Firing a problem employee is never easy. As unpleasant as any termination situation is, handling it with a difficult employee makes your job all the more challenging. All the same, it’s a necessary part of managing your workforce. At HR360, we’ve been there, and we’re here to help you get through it. firing a problem employee.jpeg

First, do your homework. An employee that is difficult or disgruntled in the workplace is likely to be all the more so when confronted with being let go, and he or she may threaten to sue your company for unlawful dismissal. This is why keeping records is so important.

Always Keep Employee Records:

Be sure to familiarize yourself with federal and state nondiscrimination laws and consult an employment law attorney if necessary.

You can’t afford to make a mistake by inadvertently violating the law. Remember, that employee is LOOKING for a reason to sue—so don’t provide one.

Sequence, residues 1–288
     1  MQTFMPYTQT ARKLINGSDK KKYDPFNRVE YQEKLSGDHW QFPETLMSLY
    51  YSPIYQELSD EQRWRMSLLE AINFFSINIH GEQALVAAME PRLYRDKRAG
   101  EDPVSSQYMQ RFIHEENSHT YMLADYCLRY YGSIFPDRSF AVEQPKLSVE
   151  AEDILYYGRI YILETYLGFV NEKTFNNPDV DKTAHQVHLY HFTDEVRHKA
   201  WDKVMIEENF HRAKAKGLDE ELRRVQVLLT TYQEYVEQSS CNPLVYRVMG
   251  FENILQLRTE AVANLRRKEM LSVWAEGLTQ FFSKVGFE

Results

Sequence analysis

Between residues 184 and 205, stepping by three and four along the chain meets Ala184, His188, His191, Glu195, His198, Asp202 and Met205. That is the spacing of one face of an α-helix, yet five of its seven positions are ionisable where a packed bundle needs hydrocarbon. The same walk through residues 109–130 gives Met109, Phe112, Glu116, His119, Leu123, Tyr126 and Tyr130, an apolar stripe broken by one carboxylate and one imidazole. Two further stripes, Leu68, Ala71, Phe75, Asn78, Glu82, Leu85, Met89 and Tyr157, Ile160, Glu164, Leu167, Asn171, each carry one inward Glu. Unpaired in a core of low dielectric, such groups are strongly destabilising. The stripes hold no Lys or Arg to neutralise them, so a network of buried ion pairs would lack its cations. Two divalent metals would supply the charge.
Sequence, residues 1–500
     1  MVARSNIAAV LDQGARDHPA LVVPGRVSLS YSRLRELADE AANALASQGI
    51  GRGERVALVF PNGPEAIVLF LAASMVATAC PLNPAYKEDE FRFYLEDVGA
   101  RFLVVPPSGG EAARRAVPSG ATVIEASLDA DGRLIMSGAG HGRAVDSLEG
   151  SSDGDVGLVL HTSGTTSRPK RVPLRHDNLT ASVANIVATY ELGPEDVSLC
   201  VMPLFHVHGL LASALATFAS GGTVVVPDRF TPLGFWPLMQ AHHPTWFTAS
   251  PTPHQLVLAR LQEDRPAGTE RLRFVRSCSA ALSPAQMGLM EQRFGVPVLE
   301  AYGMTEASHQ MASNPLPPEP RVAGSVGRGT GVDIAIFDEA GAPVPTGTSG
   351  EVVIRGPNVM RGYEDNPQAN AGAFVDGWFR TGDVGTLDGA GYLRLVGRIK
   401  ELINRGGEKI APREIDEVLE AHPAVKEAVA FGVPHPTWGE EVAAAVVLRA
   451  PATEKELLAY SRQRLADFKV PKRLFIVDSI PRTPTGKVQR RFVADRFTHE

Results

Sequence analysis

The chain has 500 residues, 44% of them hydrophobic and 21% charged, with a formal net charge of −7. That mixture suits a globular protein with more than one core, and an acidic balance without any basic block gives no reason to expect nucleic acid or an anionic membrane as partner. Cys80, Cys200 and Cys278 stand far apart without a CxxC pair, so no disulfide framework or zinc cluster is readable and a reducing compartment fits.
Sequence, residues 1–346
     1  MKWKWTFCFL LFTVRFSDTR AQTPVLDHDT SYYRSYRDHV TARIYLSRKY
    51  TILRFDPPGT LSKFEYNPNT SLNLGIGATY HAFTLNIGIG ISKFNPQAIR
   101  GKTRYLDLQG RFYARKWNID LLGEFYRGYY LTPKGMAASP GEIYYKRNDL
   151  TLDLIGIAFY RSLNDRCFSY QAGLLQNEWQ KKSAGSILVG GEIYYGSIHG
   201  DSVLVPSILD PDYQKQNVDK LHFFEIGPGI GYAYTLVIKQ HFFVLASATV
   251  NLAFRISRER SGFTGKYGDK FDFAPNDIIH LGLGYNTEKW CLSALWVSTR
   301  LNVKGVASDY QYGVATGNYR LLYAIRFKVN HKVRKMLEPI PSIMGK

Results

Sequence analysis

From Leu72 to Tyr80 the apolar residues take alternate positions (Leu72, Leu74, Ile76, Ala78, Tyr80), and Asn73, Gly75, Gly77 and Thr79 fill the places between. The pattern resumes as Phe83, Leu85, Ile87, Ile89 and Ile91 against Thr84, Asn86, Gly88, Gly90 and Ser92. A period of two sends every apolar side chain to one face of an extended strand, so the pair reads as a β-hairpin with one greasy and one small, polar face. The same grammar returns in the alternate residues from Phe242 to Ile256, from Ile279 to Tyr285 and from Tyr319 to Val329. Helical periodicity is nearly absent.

If the employee has threatened litigation, it is always a good idea to consult an employment law attorney who is familiar with your state’s labor laws. You might be spending more money up front to get legal advice, but doing so could save a lot more by helping to prevent a lawsuit which can be very costly.

To learn more about the steps and strategies that can help protect your company from an employee lawsuit in connection with a termination, you should subscribe to our online compliance library.

You can also download the sample checklist below, which outlines a number of topics that an employer should go over when meeting with an employee who is to be terminated.

Download the Involuntary Termination Meeting Checklist

Topics: Termination, Firing, Problem employee

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